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SpaceX will launch two spacecraft to the moon tonight

SpaceX will launch two spacecraft to the moon tonight

Zoom in / The Hakuto-R spacecraft is encapsulated in a Falcon 9 fairing.

ispace

It was a busy second half of the year for the Moon. Since late June, three U.S. rockets have launched payloads to the moon, and another is scheduled for early Friday morning.

In those four launches — two on SpaceX’s Falcon 9 rocket, one on Rocket Lab’s Electron and one on NASA’s Space Launch System — there were a total of 15 spacecraft sent to fly to, orbit or land on the moon. The most notable of them, of course, is NASA’s Orion spacecraftwhich is due to return to Earth on December 11.

This represents a remarkable renaissance in lunar exploration. Consider that from 1973 to 2022, NASA and the United States sent a total of 15 spacecraft to the Moon over a period of five decades. Now, thanks to a mix of commercial, academic and government payloads, US rockets will launch 15 spacecraft to the moon in about five months.

Hakuto-R

Next up is a Falcon 9 rocket scheduled to lift off at 3:37 a.m. ET (8:37 UTC) from Cape Canaveral, Florida, on Thursday. Its primary payload is a commercial spacecraft and lander known as the Hakuto-R mission, developed by a Japanese company called ispace.

The mission was delayed a day after SpaceX said it needed time for “additional checks,” a general term the company uses when it needs more time to address various technical issues with a launch. This relatively small lander will spend about three months following a long trajectory to reach the Moon, allowing it to arrive there with a minimal amount of fuel.

With the vehicle, Hakuto-R ispace aims to become the first private company to successfully land a spacecraft on another world. And if the company succeeds, Japan will become the fourth country (after the United States, the Soviet Union and China) to land on the moon.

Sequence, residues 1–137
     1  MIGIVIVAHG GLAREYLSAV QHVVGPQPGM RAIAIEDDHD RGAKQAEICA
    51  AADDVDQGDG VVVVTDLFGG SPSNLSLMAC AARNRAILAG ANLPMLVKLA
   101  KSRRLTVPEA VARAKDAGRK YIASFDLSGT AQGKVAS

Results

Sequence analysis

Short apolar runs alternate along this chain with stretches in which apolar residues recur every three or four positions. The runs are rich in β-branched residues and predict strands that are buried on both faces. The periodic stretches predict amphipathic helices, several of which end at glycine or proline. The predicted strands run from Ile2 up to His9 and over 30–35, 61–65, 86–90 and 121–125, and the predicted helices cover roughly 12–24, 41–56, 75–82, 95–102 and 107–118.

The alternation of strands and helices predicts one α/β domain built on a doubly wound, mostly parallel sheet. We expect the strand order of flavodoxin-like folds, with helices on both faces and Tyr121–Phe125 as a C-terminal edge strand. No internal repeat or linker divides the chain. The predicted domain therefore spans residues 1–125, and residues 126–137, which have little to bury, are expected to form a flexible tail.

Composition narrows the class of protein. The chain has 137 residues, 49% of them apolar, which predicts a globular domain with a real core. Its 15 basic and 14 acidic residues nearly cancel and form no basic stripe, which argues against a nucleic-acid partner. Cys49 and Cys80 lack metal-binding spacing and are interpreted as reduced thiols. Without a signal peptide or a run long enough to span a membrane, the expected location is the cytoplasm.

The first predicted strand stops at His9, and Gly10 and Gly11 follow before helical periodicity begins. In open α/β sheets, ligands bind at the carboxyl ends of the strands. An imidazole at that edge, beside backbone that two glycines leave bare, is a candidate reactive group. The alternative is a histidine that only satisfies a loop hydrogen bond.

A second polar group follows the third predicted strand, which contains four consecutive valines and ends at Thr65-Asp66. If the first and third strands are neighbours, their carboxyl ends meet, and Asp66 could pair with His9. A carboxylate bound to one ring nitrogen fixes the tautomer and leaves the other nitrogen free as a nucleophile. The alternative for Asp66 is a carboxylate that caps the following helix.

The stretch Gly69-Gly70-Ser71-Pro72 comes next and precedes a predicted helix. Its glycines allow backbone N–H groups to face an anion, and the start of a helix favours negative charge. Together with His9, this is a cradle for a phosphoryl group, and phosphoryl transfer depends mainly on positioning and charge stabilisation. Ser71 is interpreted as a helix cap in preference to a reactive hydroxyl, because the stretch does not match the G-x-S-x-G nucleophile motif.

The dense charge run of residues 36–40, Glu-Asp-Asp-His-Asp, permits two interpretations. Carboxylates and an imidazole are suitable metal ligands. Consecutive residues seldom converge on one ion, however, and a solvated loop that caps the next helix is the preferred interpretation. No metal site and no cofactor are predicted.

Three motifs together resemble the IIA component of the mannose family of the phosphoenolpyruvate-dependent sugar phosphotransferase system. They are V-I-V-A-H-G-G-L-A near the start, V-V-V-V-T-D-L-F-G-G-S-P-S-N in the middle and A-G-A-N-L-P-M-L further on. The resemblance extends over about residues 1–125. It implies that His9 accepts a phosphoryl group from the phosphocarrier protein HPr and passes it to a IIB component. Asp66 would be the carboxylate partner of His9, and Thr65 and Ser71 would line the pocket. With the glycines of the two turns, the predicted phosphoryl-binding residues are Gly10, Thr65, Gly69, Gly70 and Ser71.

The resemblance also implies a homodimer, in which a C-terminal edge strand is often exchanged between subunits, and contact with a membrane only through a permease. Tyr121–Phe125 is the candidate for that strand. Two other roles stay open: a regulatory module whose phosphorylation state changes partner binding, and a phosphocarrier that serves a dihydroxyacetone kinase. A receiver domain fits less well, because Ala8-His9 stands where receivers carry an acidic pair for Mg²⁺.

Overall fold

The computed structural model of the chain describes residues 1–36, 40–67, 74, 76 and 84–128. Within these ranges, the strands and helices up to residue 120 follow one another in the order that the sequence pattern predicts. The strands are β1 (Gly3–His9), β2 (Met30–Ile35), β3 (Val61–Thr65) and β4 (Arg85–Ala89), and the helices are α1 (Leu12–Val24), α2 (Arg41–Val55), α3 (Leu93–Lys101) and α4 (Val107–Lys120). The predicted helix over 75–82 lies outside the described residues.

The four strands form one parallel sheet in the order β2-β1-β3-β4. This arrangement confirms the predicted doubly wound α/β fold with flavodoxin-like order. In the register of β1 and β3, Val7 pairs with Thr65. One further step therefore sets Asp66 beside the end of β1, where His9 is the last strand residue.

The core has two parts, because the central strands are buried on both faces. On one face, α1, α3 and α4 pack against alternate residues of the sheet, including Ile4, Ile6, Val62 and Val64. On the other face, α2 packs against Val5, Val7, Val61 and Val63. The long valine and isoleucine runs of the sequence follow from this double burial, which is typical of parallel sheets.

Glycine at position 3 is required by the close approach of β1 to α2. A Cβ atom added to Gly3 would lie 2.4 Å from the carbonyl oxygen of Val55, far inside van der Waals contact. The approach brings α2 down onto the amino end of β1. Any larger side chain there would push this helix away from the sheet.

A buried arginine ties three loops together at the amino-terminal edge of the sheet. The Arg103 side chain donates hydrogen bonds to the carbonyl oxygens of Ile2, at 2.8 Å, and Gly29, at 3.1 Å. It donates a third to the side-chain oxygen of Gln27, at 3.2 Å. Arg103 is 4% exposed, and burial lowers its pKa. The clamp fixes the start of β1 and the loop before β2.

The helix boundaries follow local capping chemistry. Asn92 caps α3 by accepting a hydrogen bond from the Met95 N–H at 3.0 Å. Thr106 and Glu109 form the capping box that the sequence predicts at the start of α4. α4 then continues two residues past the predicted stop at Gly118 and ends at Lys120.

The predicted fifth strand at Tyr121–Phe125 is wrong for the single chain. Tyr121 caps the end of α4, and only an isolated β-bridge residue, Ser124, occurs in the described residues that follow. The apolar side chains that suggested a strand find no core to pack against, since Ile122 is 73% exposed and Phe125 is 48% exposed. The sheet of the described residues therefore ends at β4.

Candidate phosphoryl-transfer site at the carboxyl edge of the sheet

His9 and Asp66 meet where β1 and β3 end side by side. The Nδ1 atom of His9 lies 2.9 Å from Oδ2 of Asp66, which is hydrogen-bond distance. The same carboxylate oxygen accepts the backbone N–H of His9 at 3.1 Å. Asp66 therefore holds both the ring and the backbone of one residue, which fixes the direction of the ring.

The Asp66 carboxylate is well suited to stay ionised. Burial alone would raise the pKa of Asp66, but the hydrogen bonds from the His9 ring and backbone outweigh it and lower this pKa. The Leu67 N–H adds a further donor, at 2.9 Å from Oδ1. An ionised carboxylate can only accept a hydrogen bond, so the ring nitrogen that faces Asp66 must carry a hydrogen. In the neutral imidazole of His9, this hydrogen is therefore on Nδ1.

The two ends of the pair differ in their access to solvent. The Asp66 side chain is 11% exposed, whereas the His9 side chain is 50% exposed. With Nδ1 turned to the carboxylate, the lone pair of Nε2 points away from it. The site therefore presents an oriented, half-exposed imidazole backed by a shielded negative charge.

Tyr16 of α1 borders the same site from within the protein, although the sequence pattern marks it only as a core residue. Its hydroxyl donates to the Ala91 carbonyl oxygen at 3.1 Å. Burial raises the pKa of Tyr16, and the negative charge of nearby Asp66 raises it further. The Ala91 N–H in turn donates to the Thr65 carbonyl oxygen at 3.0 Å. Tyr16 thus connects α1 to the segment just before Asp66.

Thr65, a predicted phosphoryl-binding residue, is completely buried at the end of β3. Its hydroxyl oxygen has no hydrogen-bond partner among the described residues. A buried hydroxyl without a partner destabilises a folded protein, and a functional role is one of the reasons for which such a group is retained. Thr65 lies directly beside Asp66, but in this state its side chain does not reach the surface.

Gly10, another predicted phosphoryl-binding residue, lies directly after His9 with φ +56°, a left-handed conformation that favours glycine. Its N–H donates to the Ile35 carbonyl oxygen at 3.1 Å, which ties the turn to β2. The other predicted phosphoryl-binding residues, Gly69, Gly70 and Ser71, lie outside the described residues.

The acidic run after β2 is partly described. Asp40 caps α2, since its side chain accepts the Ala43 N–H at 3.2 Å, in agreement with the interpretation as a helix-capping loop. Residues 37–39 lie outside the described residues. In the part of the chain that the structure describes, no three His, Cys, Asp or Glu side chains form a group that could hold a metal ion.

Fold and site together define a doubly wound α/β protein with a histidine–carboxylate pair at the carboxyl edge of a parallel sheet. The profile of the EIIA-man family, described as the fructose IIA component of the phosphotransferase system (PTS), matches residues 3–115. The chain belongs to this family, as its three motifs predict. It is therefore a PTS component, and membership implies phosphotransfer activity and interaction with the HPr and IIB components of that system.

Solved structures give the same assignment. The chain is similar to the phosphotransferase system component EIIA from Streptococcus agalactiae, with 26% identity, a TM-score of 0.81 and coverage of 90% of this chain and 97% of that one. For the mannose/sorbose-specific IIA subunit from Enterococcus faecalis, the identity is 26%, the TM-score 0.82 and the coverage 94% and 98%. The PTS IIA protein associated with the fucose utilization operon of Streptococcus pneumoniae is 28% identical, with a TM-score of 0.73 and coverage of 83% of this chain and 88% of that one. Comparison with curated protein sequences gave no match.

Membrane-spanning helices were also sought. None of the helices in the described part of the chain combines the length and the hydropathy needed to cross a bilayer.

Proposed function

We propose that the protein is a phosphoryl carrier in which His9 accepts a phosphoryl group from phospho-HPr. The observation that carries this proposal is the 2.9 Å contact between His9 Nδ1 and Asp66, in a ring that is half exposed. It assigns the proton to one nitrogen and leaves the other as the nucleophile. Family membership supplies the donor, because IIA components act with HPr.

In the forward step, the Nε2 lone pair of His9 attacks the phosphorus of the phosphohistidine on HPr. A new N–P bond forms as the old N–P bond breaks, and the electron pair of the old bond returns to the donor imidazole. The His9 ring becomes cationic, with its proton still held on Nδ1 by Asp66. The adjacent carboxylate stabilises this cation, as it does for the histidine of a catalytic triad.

Landing on the moon is a big challenge. In recent years, efforts by India and an Israeli-backed organization, SpaceIL, have failed to make a soft touch on the moon.

Among the payloads carried by the Hakuto-R lander is the Rashid lunar rover, which was built by the United Arab Emirates. It is a small rover with a mass of about 10 kg and will carry two high-resolution cameras as an experiment to study the stickiness of lunar dust.

There is more

NASA is also sending a spacecraft to the moon on this Falcon 9 launch as a second passenger. This tiny Lunar Flashlight mission, a briefcase-sized 6U CubeSat, is aimed at a nearly rectilinear halo orbit around the Moon, similar to that which the private CAPSTONE SPACECRAFT entered earlier this fall.

The goal of this mission will be to search for ice on the Moon. Four lasers will emit near-infrared light that is easily absorbed by water ice. The greater the absorption observed in craters on the Moon, the more ice there is likely to be. This mission should help inform future robotic and human efforts to explore lunar ice deposits.

As busy as this period has been for the Moon, there is much more to come. In the first half of 2023, two commercial US companies – Intuitive Machines and Astrobotic – are expected to attempt to land on the moon for NASA. India, Japan and possibly even Russia also plan to launch missions to the moon in 2023.

Later that decade, of course, NASA builds its entire Artemis program around lunar exploration, including human missions and the possibility of a settlement later that decade. China is also seeking to lead an ambitious program to the moon, with a possible landing of its own astronauts in about a decade.

After 50 years, the moon returns.

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